This week's guest in our 5 Questions series is Pride of Detroit editor Sean Yuille. It's an exciting time for Lions fans, and the outstanding community at Pride of Detroit is actively following the team. There's some great content already there heading into the Steelers' Week 11 game, so check it out.
1. There have been multiple accusations of dirty play among the Lions' defense, and not just on often-fined DT Ndamukong Suh. Do you feel those accusations are fair?
I think the whole "Lions are a dirty team" narrative is vastly overblown. It's true that they sometimes take dumb personal foul penalties, and yes, there have been some questionable plays in recent years. However, a big part of their style of play on defense is to be aggressive. That often results in the opposing quarterback taking a lot of hits, and as Jay Cutler and Tony Romo have found out in recent weeks, those hits will sometimes come just after the ball is released. The intent there isn't to injure opposing players or anything like that; that's just how the Lions play in hopes of making life difficult for the opposing offense.
2. Detroit has to be considered a favorite to win the NFC North. Johnson this and Stafford that, what doesn't seem to be mentioned very often is the consistently high level of performance from Detroit's offensive line over the last two seasons. Is this one of the best lines in the NFL?
It is this year. The Lions went into 2013 with three new starters on the offensive line following the retirement of LT Jeff Backus, the release of RG Stephen Peterman and the departure of RT Gosder Cherilus. The Lions replaced Backus with former first-round pick Riley Reiff, and they drafted Larry Warford in the third round this year to take over at right guard. Amazingly, three different guys have started games at right tackle, and undrafted free agent LaAdrian Waddle, who appears to be the permanent starter there going forward, has been the best of the bunch. Shaking up the offensive line has resulted in much better blocking in the run game, and no team has done a better job of avoiding sacks than the Lions (part of that is because Stafford gets rid of the ball so quickly).
3. Right before the Lions were on the clock at 23 in the 2012 NFL Draft, I wrote an entire post with the phrase "Dreams can come true" repeated over and over in the hopes David DeCastro fell to the Steelers at 24. What was the general feeling of Lions fans at that moment? Did people want DeCastro there? What is the feeling on the selection of OT Reilly Reiff right now?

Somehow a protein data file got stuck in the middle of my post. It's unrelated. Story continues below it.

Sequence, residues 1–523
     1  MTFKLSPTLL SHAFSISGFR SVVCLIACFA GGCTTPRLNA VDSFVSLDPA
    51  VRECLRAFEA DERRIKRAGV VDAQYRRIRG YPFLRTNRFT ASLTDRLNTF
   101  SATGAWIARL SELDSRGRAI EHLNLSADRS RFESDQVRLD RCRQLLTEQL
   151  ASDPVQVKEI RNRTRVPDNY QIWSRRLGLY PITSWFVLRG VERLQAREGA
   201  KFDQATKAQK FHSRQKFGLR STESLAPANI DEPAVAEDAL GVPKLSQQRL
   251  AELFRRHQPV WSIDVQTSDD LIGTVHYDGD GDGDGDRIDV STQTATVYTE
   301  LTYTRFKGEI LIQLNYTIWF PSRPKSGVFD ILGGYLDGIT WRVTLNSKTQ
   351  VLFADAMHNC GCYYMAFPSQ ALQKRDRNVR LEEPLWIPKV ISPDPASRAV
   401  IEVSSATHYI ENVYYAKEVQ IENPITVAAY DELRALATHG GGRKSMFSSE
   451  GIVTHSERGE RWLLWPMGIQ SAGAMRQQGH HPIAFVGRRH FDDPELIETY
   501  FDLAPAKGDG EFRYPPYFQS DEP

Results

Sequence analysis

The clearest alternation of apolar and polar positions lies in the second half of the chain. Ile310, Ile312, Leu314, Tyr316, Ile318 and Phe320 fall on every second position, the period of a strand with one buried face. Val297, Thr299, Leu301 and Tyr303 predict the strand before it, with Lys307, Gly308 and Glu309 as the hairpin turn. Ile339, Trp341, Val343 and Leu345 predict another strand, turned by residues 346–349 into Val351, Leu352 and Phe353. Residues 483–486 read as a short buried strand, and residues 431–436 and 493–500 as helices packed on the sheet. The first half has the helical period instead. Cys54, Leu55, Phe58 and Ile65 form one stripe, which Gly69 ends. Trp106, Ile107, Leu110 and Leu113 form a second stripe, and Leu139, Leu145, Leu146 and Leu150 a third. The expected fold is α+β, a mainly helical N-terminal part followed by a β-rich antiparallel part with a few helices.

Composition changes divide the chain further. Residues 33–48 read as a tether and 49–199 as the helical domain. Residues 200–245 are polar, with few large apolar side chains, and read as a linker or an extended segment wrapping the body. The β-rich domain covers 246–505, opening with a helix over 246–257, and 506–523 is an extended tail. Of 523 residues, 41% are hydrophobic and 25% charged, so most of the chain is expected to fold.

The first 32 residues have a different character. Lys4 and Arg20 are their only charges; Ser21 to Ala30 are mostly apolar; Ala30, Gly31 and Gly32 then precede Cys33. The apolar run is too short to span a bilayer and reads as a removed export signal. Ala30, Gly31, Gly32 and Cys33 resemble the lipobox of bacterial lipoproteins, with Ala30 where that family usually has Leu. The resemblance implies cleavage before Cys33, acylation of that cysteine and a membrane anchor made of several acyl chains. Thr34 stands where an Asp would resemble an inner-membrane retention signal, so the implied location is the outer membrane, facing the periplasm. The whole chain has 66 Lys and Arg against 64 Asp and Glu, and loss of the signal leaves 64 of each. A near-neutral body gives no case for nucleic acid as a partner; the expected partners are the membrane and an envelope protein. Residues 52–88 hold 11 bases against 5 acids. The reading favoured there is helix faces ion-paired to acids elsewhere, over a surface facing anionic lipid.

When the Lions went on the clock, there was definitely a group of fans who wanted them to make an upgrade at offensive guard by taking DeCastro. However, taking Reiff made more sense then, and it certainly makes more sense now. Reiff is versatile enough to play both guard and tackle, and had Backus not retired and Cherilus been re-signed, he likely would have found himself at guard this year. Some actually thought Reiff might be better inside anyway. As it turns out, though, Reiff has been a fine replacement for Backus at left tackle, and the Lions were able to find their long-term starter at right guard in the third round this year by drafting Warford. Getting their left tackle of the future worked out for the best for the Lions, and I'm sure it's worked out quite well for the Steelers that they were able to get DeCastro.
4. Many, myself included, felt head coach Jim Schwartz failed to bring the talent on this team to a higher level. Is the success of the Lions this season due to Schwartz's advances in leadership, or was last season an anomaly?
The success of the Lions this year seems like the result of having more talent than anything. The Lions went out and added free agents like Glover Quin and Reggie Bush, and they've gotten a lot of production out of their draft class and even a couple undrafted free agents. Getting some fresh faces on the coaching staff also didn't hurt. I do think Schwartz has done a better job of keeping the team focused after they dealt with so many off-field distractions in 2012, but the biggest improvement in my mind has been in the talent department.
5. Detroit gave Pittsburgh Jerome Bettis. Pittsburgh gave Detroit Matt Millen. This doesn't appear to be a fair trade on paper. Jokes aside, Detroit's front office should be commended over the last few seasons. Where is this team going in the near future? Is this a Super Bowl-contending team?
The NFL has shown us, especially in recent years, that anything can happen if you simply manage to get to the playoffs. If the Lions are able to make the postseason this year, they certainly have the talent on both sides of the ball to get hot and make a run at their first ever Super Bowl. And going forward, with key pieces in place at quarterback and on the offensive and defensive lines and so on, the Lions' window seems wide open. On paper, this should be a team that is in the playoff and even Super Bowl conversation year in and year out.